What Can I Do for You?

K, 1, 2

Discuss when permission is needed in order to perform an act of philanthropy. Learn and practice a song about giving. 

PrintOne 45-Minute Session
  • define community as people coming together around a shared interest or place
  • make good judgments about what philanthropy requires permission from an adult

Piano or keyboard to play music, or a recording of the song Random Acts of Kindness

Here is one version of the song by a group of first graders.

  • Kelley, Rick. "What Can I Do for You?"
  • Kelley, Rick. "Random Acts of Kindness"


  1. Anticipatory Set:

    Review the brainstormed acts of kindness ideas or handout from lesson one. Talk about which of these acts of philanthropy need permission from an adult and why. Listen to and guide young people to make good judgments about safety and the needs, preferences, and privacy of others. 

  2. Discuss respect and empathy in giving. Not everyone is just like me, and I cannot assume that what I like will be liked by another.

    For example, if someone has sensory issues or is in a wheelchair, there may be actions that will not be welcome. A big hello can be friendly to one person and too loud to another. A person in a wheelchair probably wants you to ask before you touch their chair.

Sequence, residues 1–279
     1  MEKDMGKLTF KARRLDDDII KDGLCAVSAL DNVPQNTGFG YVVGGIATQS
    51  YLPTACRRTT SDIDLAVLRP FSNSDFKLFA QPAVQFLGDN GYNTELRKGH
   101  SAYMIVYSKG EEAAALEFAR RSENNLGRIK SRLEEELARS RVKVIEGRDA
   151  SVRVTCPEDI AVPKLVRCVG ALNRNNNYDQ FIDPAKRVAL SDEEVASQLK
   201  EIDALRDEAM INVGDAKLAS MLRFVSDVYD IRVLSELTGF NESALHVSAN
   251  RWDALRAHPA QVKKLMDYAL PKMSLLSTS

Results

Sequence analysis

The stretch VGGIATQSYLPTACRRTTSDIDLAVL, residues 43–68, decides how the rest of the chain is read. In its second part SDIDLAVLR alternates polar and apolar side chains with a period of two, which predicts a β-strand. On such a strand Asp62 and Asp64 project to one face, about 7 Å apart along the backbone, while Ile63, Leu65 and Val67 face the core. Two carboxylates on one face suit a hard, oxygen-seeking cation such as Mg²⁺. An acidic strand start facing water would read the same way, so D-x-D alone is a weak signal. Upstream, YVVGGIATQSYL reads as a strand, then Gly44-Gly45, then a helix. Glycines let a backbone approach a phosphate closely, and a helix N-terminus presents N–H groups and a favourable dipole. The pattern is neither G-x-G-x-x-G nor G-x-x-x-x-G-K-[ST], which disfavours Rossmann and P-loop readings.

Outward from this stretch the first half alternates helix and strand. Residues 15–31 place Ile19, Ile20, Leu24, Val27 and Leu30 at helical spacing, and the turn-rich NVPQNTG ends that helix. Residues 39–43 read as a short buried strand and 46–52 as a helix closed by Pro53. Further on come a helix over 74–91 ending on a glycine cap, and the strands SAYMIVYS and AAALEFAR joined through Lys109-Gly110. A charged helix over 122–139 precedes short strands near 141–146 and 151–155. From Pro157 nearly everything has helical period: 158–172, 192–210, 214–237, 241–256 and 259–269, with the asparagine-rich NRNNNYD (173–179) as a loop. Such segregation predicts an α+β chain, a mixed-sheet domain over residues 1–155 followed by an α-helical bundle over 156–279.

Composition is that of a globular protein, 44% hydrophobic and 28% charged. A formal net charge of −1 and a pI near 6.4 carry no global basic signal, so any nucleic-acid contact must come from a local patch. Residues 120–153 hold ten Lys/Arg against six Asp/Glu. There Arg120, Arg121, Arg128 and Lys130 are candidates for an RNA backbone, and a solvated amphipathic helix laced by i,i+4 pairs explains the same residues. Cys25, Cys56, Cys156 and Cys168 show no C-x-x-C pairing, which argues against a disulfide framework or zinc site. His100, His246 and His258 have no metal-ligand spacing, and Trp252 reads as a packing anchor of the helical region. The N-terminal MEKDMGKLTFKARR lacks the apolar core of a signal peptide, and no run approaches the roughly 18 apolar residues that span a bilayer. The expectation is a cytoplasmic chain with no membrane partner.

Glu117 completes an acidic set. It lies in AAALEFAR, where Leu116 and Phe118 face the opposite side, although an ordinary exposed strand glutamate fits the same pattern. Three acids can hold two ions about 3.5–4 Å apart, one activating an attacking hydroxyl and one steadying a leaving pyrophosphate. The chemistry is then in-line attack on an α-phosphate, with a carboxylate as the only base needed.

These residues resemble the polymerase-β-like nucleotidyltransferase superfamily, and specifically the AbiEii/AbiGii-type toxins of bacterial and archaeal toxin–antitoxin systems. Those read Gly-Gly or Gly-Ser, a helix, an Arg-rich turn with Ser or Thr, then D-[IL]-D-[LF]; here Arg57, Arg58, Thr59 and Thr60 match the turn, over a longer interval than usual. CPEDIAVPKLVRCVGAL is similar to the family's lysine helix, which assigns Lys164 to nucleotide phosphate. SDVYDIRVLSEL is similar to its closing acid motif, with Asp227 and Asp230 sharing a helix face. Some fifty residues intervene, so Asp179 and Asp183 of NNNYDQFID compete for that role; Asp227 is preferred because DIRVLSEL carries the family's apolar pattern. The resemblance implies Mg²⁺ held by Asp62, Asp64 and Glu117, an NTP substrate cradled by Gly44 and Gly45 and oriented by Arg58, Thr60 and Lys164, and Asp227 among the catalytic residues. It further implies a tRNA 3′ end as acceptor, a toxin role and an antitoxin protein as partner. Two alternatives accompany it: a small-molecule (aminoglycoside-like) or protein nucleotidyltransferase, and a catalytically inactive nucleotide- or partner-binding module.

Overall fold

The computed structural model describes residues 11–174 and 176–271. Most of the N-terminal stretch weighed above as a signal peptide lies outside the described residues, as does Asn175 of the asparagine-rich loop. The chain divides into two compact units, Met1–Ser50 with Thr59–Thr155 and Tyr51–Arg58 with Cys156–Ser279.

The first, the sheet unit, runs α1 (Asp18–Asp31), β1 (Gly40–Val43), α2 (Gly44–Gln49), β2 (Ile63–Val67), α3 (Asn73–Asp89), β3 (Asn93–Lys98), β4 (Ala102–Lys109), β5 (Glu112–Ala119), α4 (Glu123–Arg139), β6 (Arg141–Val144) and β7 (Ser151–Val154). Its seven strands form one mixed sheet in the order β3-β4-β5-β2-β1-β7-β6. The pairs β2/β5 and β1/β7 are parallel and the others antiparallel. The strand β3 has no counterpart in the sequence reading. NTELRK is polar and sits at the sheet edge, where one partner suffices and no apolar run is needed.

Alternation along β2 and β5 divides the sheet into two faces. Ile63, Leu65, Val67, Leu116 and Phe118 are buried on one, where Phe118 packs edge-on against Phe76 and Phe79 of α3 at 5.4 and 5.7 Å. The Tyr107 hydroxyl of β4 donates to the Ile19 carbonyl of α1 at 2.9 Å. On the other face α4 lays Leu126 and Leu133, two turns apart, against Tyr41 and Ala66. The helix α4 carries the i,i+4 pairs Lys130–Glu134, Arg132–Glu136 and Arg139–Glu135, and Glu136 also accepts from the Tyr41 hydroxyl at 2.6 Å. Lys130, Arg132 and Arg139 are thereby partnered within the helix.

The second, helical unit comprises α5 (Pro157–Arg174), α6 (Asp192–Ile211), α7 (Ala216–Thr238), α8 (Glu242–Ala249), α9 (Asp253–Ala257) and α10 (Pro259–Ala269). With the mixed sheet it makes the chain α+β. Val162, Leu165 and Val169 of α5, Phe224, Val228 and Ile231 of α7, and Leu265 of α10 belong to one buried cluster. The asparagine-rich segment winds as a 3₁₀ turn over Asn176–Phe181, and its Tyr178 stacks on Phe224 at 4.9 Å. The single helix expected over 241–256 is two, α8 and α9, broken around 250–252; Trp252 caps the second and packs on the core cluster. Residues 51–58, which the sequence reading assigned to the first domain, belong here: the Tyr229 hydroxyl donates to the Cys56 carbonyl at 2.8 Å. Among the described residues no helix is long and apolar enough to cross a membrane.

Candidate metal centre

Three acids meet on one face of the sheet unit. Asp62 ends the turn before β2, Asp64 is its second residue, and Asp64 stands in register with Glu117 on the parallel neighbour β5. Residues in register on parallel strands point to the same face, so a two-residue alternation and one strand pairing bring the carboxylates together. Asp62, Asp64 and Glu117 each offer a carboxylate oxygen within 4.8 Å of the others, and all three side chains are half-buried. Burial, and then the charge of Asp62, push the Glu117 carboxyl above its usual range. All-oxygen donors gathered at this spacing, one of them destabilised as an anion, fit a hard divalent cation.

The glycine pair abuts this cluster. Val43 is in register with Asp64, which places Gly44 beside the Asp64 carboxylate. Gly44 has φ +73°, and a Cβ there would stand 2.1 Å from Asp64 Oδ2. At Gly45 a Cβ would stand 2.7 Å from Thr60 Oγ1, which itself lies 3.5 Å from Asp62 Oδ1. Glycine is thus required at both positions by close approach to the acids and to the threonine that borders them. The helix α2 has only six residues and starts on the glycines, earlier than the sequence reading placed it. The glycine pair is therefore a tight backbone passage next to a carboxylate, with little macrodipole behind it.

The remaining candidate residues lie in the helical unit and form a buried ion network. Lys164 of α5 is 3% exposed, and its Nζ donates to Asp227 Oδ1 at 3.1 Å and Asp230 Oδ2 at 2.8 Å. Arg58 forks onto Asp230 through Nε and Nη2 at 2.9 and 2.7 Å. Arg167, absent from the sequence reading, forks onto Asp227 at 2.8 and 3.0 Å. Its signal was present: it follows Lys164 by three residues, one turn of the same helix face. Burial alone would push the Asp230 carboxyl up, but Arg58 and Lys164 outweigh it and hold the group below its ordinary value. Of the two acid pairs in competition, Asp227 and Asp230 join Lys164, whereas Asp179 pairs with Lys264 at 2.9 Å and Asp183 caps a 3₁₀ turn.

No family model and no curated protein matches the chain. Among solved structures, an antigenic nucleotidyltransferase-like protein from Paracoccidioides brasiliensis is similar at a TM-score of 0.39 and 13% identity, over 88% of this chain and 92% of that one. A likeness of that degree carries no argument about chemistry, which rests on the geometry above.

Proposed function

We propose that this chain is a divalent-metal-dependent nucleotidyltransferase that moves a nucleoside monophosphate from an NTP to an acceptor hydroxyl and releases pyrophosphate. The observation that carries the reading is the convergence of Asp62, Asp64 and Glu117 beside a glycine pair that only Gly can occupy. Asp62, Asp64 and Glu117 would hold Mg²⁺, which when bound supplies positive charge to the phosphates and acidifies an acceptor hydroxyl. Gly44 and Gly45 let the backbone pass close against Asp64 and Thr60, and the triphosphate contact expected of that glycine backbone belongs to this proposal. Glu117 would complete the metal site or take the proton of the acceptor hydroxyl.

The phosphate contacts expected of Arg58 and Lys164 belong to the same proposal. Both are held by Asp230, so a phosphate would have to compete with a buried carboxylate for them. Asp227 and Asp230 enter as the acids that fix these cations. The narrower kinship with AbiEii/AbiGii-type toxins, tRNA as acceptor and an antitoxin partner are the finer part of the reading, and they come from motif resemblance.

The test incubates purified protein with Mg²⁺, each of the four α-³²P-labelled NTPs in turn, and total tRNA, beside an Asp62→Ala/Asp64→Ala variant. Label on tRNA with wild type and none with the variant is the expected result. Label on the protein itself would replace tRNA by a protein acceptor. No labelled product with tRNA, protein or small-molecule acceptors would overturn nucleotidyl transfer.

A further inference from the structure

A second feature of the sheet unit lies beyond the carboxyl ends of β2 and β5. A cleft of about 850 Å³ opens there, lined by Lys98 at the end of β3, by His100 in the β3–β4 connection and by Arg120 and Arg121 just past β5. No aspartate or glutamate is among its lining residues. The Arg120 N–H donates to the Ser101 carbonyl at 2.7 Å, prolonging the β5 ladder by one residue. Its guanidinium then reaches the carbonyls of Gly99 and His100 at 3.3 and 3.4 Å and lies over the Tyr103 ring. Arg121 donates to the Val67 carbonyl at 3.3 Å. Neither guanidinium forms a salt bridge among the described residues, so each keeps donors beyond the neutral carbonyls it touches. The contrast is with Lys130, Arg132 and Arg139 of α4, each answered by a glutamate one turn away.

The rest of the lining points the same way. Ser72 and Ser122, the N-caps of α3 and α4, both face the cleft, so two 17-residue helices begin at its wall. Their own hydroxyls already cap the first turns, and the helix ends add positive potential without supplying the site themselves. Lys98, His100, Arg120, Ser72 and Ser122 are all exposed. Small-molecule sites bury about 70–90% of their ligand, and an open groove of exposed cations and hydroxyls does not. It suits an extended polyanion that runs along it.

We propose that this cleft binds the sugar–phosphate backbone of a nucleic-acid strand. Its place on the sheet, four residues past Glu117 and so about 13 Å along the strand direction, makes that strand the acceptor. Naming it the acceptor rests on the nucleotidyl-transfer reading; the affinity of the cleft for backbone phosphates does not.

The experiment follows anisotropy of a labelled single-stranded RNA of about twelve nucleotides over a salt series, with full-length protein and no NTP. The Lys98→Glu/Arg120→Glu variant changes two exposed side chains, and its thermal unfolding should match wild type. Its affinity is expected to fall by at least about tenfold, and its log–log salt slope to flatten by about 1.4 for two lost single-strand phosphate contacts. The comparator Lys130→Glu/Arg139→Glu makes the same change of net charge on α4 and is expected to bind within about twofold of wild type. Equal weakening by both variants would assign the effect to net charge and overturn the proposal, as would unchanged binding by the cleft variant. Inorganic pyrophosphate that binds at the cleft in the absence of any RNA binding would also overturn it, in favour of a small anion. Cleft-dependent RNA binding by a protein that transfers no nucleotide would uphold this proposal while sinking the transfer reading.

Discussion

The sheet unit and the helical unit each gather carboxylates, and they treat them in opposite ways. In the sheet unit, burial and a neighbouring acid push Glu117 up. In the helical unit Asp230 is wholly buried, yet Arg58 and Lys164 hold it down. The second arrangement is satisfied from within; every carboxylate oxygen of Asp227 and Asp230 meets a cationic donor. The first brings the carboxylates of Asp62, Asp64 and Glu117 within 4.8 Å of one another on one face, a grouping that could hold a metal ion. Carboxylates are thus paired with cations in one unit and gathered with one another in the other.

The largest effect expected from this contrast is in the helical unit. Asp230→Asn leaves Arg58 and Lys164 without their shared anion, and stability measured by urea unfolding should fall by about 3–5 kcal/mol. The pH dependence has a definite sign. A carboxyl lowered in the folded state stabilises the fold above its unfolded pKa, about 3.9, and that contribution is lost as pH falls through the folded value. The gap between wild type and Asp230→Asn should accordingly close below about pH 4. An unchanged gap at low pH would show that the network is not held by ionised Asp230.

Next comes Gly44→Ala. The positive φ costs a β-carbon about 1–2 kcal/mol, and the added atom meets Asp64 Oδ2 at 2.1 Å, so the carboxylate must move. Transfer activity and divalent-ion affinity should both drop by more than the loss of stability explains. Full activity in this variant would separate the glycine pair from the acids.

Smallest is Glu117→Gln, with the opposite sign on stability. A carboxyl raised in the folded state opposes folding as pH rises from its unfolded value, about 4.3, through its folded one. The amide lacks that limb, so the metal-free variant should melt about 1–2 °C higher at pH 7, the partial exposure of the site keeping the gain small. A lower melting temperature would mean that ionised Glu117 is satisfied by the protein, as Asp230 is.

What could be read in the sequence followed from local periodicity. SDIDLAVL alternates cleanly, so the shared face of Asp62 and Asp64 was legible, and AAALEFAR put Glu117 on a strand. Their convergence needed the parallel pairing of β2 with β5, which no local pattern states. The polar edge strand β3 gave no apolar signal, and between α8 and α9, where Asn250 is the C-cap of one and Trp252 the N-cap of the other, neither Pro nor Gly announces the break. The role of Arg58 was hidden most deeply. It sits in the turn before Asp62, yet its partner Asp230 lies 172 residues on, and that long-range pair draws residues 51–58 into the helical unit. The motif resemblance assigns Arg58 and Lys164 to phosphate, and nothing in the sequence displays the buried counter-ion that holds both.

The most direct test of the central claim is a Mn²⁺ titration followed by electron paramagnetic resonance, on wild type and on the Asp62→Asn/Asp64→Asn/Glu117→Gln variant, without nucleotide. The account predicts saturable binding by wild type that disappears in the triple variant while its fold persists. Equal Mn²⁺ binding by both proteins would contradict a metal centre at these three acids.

Optional: Read and discuss the book Just Ask by Sonia Sotomayor.

  3. Brainstorm a list of philanthropic acts that young people can do at school or in any community setting that would not need permission from an adult and will likely be welcome by anyone. For example, it is always okay to pick up litter when you are out for a walk, but be aware that some things may not be safe for you to pick up. 

    Note: You may define community as not just their town but also anytime people gather with a shared interest. For example a faith-based organization forms a community. A sports team is a community. A family or classroom forms a community. Ask for examples of communities the children belong in.

  4. Teach the song "Random Acts of Kindness" or "What Can I Do for You?" by Rick Kelley.  Music and lyrics below.

Cross Curriculum 

Read about the service-learning project called Monthly Kindness by Worthingon Elementary School students who were taught using this What Can I Do for You? lesson to guide student learning and action.

Ms. Nolting is a 2nd grade teacher at Worthingon Elementary School in Indiana. “My students will be the next generation to lead this country,” said Nolting. “They need to begin at an early age to learn the value of being an active citizen and compassion for all people.”

Philanthropy Framework

  1. Strand PHIL.II Philanthropy and Civil Society
    1. Standard PCS 05. Philanthropy and Government
      1. Benchmark E.7 Describe why the classroom, school, or neighborhood is a community governed by fundamental democratic principles.
  2. Strand PHIL.III Philanthropy and the Individual
    1. Standard PI 01. Reasons for Individual Philanthropy
      1. Benchmark E.7 Give classroom examples of when a student does not need the teacher's permission to act philanthropically.